My publisher was confronted with this categorisation dilemma when publishing my debut novel, Burning Embers. In the end, we settled upon this as a short description of the book:
Burning Embers is a contemporary historical romance novel set in Kenya in 1970. It is an evocative and passionate story of coming of age, of letting go of the past, of having faith in a person and of overcoming obstacles to love, set against the vivid and colourful backdrop of rural Africa and its culture.
The book, then, fits into a little-used sub-genre named ‘modern historical’ or ‘contemporary historical’. My readers seem to understand the section, but it’s not one that’s in common use.
The book can’t be called historical romance, for the strict classification of that genre is books that span the period up until the outbreak of World War II. It seems logical, then, to classify the book as contemporary, but I write romances that feel historical in tone (one newspaper that reviewed Burning Embers called it ‘an epic romance like Hollywood used to make’). There is the feel of a bygone era in the story, as you can see in the book’s description:
Coral Sinclair is a beautiful but naïve twenty-five-year-old photographer who has just lost her father. She’s leaving the life she’s known and travelling to Kenya to take ownership of her inheritance – the plantation that was her childhood home – Mpingo.
On the voyage from England, Coral meets an enigmatic stranger to whom she has a mystifying attraction. She sees him again days later on the beach near Mpingo, but Coral’s childhood nanny tells her the man is not to be trusted. It is rumoured that Rafe de Monfort, owner of a neighbouring plantation and a nightclub, is a notorious womanizer having an affair with her stepmother, which may have contributed to her father’s death.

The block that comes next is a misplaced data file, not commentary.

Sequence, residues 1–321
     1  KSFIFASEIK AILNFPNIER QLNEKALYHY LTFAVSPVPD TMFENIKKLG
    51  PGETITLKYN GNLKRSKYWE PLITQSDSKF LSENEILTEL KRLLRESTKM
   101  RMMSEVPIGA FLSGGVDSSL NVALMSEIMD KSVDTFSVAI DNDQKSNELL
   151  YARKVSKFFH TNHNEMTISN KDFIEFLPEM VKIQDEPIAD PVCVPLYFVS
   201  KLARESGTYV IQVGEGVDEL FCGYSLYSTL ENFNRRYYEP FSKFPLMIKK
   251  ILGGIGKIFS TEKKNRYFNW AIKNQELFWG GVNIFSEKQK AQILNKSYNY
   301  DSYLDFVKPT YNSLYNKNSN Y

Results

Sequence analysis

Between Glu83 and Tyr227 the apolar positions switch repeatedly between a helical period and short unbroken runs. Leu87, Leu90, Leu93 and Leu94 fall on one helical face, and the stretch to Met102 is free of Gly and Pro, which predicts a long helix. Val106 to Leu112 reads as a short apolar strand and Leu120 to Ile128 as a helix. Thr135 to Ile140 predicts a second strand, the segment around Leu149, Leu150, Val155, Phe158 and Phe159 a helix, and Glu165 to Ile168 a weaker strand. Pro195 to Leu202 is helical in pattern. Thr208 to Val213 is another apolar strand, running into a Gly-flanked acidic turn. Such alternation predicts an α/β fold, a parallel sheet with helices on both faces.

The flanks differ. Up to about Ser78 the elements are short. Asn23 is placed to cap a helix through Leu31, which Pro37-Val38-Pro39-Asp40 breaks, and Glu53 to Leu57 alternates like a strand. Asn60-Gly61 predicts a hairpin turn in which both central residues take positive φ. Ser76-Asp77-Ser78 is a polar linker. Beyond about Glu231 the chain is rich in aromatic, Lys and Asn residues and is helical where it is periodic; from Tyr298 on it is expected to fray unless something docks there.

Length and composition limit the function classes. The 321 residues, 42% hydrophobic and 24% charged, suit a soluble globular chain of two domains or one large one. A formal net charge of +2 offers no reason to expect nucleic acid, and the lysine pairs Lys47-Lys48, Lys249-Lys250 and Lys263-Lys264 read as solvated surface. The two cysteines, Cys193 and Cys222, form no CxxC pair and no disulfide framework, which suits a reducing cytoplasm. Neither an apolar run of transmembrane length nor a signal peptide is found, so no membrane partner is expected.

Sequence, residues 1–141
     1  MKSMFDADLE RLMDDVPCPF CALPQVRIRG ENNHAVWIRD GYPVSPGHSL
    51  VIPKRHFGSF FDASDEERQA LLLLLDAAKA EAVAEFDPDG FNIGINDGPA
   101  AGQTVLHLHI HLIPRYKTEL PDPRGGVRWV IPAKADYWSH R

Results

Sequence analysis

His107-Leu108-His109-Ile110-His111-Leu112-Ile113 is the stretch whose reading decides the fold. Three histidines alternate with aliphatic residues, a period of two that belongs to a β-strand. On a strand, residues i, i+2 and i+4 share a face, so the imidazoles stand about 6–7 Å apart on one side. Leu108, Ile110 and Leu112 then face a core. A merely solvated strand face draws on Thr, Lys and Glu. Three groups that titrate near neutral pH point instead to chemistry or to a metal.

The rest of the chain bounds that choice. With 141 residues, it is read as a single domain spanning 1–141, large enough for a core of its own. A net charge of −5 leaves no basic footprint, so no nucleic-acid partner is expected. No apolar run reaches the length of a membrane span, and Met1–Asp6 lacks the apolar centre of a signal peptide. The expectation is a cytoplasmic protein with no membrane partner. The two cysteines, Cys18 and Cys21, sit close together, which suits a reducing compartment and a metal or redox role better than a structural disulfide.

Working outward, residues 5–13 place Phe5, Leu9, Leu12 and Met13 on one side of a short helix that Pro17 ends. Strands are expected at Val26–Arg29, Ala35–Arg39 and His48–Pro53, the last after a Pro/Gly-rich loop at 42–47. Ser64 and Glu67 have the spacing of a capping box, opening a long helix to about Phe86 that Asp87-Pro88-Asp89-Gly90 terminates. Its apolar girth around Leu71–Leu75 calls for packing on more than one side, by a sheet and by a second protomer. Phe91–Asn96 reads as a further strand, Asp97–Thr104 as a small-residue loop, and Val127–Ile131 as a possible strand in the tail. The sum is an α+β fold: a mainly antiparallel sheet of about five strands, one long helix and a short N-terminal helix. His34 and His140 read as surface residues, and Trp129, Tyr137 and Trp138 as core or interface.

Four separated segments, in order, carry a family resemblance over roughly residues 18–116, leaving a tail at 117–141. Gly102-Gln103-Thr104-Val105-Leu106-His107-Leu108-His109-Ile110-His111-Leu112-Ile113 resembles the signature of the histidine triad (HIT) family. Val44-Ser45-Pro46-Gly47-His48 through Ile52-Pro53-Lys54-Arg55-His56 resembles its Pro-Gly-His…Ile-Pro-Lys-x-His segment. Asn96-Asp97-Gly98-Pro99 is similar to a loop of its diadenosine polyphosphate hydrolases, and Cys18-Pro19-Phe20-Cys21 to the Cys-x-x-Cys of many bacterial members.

Circumstance confirms Coral’s worst suspicions, but when Rafe’s life is in danger she is driven to make peace. A tentative romance blossoms amidst a meddling ex-fiancé, a jealous stepmother, a car accident, and the dangerous wilderness of Africa.
Is Rafe just toying with a young woman’s affections? Is the notorious womanizer only after Coral’s inheritance? Or does Rafe’s troubled past colour his every move, making him more vulnerable than Coral could ever imagine?
Burning Embers: available to buy from my shop
It was never a consideration for me to write Burning Embers in the modern era. I wanted to write a traditional love story with a naïve heroine, and I wanted to capture the beauty of Kenya at a time when independence was brand new. Nor did I consider pushing the action back in time to fit into the historical genre – Coral, my heroine, is very much a product of the female revolution that took place in Western society during the 1960s, from her fashion and independence through to her career as a successful freelance photographer.
Clearly, I am not alone in having written a book set in the period 1939 to, say, 2000 – a time outside of the modern day. I wonder why conventional romance genres don’t comfortably include this period in their span?
But in the words of Shakespeare, ‘What’s in a name? A rose by any other name would smell as sweet’ (or in this case, a romance novel placed in any genre is just as romantic). What matters is the story and the setting and the characters and the messages. What matters is that readers enjoy your story, and are swept away into another time and another world where reality is not important, where all that matters is passion and connection and love.
What do you think? How much does genre affect how you choose which books to read? Do you stick rigidly to one or two genres, or do you read widely and voraciously across the romance genre – and beyond? Should authors write books with genres in mind, carefully following conventions, or write without boundaries the book that is in them to write? I would love to hear your thoughts on the subject.